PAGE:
At 35, R.A. Dickey has learned plenty of lessons through his baseball career. He showed this week that it's never too late to learn another.
On Tuesday, he was fighting fatigue as he tried to work seven innings, and it bit him when the Marlins' Gaby Sanchez launched a three-run homer that turned the Mets' two-run lead into a one-run deficit. The Mets came back to win that game, but Dickey didn't want to put his team in that position again.
So after seven strong innings Sunday against the Astros, Dickey made sure to tell pitching coach Dan Warthen that he was getting a little tired. He allowed a leadoff single in the eighth to Tommy Manzella, and Jerry Manuel quickly went to the bullpen.
"It's taken me a while to learn that wisdom sometimes trumps being competitive," said Dickey, who allowed a run and six hits in seven-plus innings. "This one happened less than a week ago and it cost us, even though we won the game. I didn't want to jeopardize us this time."
The Mets were in less danger of blowing a late lead Sunday, thanks to that second-inning outburst, which started with a pair of walks sandwiched around a double by Ike Davis. Luis Hernandez, making his Mets debut at shortstop, struck out for the first out, but Dickey punched a single up the middle off Bud Norris (6-8) to drive in the first two runs of the game.
"I know my limitations," said Dickey, who also singled in the sixth and is hitting .211 with five RBIs. "I'm just trying not to strike out."
Angel Pagan brought in a run with a groundout and Luis Castillo singled to drive in Dickey for a 4-0 lead. After the Astros' Jason Castro doubled in the third and scored on Michael Bourn's infield single, Josh Thole - coming off a couple of days of rest - hit a solo homer in the sixth. It was his second home run of the season and part of a 2-for-3 day for the rookie catcher.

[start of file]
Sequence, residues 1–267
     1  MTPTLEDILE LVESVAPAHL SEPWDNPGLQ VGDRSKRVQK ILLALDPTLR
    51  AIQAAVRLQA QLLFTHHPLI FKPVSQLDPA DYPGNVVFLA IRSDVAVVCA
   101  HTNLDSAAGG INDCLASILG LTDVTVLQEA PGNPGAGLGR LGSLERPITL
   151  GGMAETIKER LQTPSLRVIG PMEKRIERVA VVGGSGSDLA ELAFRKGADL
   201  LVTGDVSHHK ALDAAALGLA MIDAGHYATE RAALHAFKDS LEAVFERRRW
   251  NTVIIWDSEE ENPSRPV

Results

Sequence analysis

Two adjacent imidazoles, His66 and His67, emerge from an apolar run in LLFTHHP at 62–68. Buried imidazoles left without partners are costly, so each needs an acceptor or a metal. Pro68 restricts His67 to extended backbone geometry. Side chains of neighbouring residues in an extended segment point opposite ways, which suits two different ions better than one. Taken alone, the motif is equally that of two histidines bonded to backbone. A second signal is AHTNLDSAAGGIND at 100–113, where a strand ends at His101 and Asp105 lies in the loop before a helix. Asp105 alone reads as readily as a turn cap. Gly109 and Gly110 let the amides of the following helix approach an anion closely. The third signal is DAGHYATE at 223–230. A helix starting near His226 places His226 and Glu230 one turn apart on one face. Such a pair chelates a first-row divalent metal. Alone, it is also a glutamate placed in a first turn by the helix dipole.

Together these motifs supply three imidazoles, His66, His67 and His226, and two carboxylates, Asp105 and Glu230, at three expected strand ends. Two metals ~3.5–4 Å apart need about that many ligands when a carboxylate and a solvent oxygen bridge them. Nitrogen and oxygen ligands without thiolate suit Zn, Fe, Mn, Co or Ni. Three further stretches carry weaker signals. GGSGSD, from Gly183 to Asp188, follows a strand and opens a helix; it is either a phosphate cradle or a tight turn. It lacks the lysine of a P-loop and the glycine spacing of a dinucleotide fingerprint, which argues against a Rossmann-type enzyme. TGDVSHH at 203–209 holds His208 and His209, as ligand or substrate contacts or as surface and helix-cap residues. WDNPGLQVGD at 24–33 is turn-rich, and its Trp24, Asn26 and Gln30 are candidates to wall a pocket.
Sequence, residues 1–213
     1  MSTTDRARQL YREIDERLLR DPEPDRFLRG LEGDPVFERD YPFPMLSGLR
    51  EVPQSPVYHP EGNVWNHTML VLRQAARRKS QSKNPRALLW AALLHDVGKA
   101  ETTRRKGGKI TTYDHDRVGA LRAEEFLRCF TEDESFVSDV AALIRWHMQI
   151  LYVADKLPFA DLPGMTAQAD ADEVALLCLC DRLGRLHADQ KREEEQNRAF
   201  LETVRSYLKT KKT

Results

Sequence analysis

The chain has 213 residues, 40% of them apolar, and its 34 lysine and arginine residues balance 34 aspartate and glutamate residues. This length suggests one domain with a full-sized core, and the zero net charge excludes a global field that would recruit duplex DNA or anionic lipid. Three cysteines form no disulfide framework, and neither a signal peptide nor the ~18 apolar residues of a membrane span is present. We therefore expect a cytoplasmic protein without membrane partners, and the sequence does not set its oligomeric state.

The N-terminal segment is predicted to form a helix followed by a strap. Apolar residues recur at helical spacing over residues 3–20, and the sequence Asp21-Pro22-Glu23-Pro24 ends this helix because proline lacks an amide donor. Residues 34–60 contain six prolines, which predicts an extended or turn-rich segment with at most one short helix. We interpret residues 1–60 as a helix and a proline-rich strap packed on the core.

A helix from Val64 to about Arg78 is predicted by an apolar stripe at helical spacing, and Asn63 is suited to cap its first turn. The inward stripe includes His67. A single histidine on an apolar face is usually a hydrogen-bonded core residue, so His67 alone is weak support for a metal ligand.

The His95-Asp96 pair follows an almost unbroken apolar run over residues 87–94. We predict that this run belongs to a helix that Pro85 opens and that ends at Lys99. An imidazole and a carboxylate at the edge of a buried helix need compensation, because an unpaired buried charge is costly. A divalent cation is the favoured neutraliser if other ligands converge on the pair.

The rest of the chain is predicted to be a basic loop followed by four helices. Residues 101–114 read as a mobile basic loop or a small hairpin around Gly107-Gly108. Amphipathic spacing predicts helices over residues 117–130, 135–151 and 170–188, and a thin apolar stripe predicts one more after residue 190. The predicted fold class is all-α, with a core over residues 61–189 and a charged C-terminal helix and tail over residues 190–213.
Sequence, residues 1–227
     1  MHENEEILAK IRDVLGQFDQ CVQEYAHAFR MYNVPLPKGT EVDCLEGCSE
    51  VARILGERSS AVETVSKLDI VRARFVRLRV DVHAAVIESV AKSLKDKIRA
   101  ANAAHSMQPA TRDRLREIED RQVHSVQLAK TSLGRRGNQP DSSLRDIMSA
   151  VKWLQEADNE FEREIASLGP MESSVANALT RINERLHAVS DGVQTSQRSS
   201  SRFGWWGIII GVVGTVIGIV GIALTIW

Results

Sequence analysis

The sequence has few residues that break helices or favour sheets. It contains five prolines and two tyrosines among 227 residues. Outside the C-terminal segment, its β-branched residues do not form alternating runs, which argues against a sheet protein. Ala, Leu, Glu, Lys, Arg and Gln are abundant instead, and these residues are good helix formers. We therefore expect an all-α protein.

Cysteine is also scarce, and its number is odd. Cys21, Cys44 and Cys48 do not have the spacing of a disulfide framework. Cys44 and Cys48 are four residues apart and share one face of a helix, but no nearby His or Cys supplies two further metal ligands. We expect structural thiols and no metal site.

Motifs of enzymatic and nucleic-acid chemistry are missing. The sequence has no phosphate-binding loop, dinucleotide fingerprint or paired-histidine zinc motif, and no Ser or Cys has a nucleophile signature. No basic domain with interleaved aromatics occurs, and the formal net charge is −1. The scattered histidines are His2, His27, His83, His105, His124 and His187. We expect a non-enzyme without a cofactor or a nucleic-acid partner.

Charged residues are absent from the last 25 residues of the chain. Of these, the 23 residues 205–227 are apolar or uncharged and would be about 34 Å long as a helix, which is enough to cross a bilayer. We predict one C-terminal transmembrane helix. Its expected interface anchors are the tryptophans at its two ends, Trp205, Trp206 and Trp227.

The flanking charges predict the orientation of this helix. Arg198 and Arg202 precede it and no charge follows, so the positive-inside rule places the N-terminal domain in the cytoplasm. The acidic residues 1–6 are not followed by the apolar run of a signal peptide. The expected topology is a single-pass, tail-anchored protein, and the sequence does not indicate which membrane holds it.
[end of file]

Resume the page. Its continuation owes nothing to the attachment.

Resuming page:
"We're trying to let him get established [as a catcher], but at the same time, we want him to be fresh," Manuel said.
Thole, who is hitting .307 (35-for-114), doesn't see himself becoming a power hitter, even though he mashed his homer off the second-deck facade in right.
"For myself, it's a maturity thing," Thole said. "I know my role, I know my swing. If I start trying to hit home runs, it's going to take a [bad] turn for me. I don't think that's my game, especially right now."
Dickey, like Thole, still is working to establish himself, even at an age when most starting pitchers are slowing down. Manuel voiced great respect for Dickey's honesty. "That's the relationship you hope to develop with each of your guys," he said.
The knuckleballer, who lowered his ERA to 2.56 after 20 starts, still is trying to become a consistent, reliable pitcher no matter where it takes him beyond this unexpected 2010 season. "It's just being consistent with what I have to offer," Dickey said. "It's not throwing a better knuckleball, not throwing one that's nastier or more wicked. It's just repeating the one that I do throw well over and over again in the strike zone. And that's for me the next part."
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